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From coach to 'mental coach': inside Norweigan football's psychology programme
Why training coaches - rather than psychologists - is helping Norway's top-flight clubs
Erling Haaland and Martin Odergaard are fixtures in most football fan’s fantasy teams. Fortunately for Norway, the pair are very much part of the national side’s real-life lineup.
Despite a poor start to Euro 2024 qualifying (which has seen Haaland, Odergaard and co claim only four points from their first four games), Norweigan football is arguably in better health than at any point since the 1990s, when players such as Ole Gunnar Solskjær and Tore Andre Flo were household names.
Whilst there is a raft of possible reasons for the resurgence, from pot luck to a collective determination by the country’s football administrators to move on from the torpor of the late 2000s, it’s interesting to note the focus on psychological support at both international and domestic levels.
I spoke recently to Leif Gunnar Smerud about the psychologist-cum-coach’s time managing Norway’s U-21s, including Haaland and Odergaard. Whilst Smerud was supporting the country’s leading young players, one of his compatriots was busy establishing a programme designed to turn top-flight coaches into ‘mental coaches’.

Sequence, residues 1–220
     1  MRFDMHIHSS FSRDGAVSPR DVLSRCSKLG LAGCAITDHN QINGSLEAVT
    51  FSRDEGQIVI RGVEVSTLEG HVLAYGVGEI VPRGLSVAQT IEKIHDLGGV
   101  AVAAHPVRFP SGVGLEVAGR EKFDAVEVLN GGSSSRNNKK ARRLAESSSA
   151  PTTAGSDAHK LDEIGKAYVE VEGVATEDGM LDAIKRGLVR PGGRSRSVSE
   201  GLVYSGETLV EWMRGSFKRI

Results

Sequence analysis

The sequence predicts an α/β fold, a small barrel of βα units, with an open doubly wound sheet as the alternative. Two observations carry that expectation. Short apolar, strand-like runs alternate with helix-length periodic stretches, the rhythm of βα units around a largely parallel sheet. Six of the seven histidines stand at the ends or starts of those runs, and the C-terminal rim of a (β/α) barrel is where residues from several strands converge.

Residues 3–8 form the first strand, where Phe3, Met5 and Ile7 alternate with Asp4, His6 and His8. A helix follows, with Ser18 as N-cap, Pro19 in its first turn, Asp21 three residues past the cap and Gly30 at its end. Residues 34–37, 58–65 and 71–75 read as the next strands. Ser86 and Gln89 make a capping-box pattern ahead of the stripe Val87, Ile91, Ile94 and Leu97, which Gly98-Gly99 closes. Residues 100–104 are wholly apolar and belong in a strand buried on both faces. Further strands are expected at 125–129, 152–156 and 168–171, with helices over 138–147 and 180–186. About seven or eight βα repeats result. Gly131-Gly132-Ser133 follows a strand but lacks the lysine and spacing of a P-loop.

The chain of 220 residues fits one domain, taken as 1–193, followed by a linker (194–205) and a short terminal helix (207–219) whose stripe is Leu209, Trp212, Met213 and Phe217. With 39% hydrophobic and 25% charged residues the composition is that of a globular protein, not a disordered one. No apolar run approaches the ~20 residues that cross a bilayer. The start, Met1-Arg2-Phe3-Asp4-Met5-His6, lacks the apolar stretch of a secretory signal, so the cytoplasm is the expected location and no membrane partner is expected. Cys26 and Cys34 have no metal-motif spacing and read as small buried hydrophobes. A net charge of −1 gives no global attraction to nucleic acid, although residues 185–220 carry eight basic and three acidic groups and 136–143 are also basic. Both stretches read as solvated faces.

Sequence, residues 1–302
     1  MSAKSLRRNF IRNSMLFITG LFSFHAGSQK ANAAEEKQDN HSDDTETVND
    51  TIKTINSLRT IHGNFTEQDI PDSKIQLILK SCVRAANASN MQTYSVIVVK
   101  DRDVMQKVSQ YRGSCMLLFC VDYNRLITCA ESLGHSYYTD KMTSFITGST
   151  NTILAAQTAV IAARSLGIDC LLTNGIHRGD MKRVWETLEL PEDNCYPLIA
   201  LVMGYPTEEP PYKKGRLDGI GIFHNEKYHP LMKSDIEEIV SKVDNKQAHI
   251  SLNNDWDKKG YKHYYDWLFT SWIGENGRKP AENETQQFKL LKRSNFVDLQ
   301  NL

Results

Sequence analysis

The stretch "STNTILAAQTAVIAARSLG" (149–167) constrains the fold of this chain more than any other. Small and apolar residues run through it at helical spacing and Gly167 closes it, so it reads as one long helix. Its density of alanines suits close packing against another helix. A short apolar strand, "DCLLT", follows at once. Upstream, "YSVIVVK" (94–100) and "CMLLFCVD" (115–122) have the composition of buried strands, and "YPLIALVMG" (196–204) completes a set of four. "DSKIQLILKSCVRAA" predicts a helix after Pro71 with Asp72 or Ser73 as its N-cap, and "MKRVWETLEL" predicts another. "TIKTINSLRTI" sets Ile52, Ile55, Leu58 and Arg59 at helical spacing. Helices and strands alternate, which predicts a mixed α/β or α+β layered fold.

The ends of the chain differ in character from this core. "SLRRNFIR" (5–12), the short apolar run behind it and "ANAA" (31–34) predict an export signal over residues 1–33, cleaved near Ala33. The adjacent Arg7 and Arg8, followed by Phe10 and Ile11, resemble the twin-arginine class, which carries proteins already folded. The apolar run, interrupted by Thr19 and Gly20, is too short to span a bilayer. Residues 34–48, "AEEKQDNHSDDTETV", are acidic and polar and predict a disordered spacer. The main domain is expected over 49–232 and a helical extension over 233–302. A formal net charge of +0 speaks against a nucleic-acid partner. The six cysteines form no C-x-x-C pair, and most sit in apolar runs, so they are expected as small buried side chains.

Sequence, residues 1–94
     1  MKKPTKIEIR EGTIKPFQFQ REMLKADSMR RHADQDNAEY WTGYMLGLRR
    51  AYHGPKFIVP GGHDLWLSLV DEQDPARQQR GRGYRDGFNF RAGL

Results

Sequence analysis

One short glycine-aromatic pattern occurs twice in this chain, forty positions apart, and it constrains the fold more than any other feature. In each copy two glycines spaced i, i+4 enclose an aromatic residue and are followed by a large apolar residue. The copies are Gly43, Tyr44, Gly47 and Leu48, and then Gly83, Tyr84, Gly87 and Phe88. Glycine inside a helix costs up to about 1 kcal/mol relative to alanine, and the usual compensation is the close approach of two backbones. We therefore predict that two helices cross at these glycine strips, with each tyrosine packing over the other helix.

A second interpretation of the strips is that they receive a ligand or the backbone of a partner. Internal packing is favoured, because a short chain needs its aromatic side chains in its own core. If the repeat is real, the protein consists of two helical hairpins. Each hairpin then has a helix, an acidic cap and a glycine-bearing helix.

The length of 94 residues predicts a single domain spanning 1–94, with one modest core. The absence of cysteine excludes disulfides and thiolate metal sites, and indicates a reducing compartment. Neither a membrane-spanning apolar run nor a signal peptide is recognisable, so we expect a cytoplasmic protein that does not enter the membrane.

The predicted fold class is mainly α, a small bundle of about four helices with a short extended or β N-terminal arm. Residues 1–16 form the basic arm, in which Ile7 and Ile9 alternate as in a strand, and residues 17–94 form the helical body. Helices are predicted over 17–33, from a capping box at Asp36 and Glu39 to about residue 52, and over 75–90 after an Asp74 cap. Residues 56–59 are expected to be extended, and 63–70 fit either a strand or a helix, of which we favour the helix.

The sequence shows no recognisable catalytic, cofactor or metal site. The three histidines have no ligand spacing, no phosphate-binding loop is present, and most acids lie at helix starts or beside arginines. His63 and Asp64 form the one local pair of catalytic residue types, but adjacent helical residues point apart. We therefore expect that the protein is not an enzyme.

Geir Jordet is a well-known figure within European football, with over 20 years’ experience advising leading clubs across the continent. From 2009 to 2020, he was Director of Psychology at the Norweigan Centre of Football Excellence (NCFE), a ‘knowledge hub’ designed to support elite performance at the sharp end of the domestic game.
Over the course of a decade, he established a psychology programme that has trained over 200 coaches and is now a mandatory part of their current contemporaries’ qualification.
I spoke to Jordet about the reasons for starting the initiative, how it grew from a couple of courses into a nationally-recognised programme, and whether there needs to be a greater focus on coach education across European football.
You can listen to the conversation via the audio player or read the highlights in the summary below:
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One of the first dilemmas Jordet faced when devising the programme was its target audience: should a psychology initiative focus on corralling existing expertise, by establishing a network of psychologists across the country, or develop an understanding of the profession among a new cohort, namely, coaches?
“Pretty early on, we decided that being a small nation with limited access to high-quality sports psychology specialists, it might be better to actually target the coaches,” he explains.
“Instead of equipping the sports psychologists with extra tools and support, we just went straight to educating coaches, giving them the tools that they might not have to function as a type of ‘mental coach’ in their coaching role.
“As coaches are close to the players - they work with them every day - they're in a position to integrate psychology into everything else that happens…like I sometimes say, coaches are psychologists, whether they want to be or not.”
In 2013, Jordet took on his first group of students: 25 coaches signed up for a two-day course. Over the last decade, he has run around 20 similar residentials, with the format morphing into a structure that now consists of three modules, each spanning a couple of days, followed by a two-day exam.